from person_reid import build_person_reid

# Create a PersonReID object
person_reid = build_person_reid(model_type='PersonReID')

# Extract features from the images of two people
person_1_features = person_reid.extract_features(person_1_images)
person_2_features = person_reid.extract_features(person_2_images)

# Compute the similarity score between the two people
similarity_score = person_reid.compute_similarity(person_1_features, person_2_features)
  1. Custom object tracking and re-identification models: deep_sort_pytorch can be used to train and deploy custom object detection, tracking, and re-identification models using PyTorch. This provides researchers and developers with a flexible and customizable framework for building object tracking and re-identification applications tailored to their specific needs. The following code block demonstrates how to train a custom object detection model using deep_sort_pytorch:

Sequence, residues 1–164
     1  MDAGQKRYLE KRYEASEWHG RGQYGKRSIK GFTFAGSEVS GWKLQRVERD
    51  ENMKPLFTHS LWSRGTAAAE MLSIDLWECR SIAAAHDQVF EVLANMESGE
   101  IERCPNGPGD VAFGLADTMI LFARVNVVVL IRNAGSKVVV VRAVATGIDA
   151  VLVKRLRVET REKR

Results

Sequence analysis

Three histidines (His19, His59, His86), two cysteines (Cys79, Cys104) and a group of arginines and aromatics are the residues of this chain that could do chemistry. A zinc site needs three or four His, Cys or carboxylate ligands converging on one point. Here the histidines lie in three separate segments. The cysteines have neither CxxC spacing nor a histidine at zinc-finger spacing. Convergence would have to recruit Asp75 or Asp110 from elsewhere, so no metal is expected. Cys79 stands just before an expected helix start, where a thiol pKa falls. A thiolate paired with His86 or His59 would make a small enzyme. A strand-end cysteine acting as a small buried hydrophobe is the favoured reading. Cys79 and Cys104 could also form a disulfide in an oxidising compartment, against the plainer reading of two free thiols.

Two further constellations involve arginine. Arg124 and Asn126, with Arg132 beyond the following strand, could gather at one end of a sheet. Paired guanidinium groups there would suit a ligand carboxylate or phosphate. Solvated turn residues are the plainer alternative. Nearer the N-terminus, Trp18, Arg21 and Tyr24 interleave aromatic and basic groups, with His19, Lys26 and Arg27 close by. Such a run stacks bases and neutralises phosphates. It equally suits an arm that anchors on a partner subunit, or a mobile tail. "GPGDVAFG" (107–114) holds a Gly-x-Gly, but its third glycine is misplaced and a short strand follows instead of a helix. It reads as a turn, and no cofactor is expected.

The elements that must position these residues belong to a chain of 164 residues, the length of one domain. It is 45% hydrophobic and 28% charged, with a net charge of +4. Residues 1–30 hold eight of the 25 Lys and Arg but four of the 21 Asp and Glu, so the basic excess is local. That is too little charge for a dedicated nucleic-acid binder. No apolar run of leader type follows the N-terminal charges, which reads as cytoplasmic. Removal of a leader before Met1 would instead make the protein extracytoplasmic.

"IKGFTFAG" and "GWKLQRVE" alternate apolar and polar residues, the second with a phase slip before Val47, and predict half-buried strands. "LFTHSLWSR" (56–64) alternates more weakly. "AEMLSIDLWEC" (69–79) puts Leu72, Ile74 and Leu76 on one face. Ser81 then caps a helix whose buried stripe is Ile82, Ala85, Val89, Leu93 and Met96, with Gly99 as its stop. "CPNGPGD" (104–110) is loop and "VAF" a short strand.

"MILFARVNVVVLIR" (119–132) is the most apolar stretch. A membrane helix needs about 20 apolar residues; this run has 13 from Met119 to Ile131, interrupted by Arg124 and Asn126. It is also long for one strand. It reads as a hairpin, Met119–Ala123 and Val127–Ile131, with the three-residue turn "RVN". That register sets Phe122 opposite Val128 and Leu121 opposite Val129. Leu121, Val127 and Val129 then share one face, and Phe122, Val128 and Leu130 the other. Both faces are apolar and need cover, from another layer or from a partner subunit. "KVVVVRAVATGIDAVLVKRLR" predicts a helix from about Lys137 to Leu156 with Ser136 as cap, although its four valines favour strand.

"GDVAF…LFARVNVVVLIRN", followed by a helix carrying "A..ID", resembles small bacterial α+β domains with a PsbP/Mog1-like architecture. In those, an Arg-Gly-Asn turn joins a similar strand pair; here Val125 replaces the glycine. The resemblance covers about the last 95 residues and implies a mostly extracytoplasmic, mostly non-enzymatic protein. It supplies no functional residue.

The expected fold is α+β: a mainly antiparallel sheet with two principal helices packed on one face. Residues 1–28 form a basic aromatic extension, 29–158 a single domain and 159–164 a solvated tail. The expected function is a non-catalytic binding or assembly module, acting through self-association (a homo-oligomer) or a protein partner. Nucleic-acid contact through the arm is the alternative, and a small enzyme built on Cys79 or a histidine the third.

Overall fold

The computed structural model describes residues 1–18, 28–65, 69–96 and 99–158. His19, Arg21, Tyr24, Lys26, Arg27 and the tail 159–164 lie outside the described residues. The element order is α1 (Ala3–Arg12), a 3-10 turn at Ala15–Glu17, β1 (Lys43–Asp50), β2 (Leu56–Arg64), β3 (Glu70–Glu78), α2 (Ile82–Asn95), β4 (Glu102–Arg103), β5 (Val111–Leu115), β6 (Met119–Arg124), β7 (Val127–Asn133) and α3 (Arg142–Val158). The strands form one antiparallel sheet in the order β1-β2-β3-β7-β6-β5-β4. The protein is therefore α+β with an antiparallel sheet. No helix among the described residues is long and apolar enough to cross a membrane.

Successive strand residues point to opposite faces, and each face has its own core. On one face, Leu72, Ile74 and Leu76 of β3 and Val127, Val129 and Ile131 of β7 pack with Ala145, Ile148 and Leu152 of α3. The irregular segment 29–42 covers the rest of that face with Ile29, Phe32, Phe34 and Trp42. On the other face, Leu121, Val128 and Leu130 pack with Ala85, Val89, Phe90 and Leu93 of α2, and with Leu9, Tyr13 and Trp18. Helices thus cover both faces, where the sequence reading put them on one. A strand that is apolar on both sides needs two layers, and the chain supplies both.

from deep_sort.train import Trainer

# Create a trainer object
trainer = Trainer(model_type='YOLOv3', data_path='data/train', model_path='models')

# Train the model

# Evaluate the model on a test set
evaluation_results = trainer.evaluate(data_path='data/test')

# Save the trained model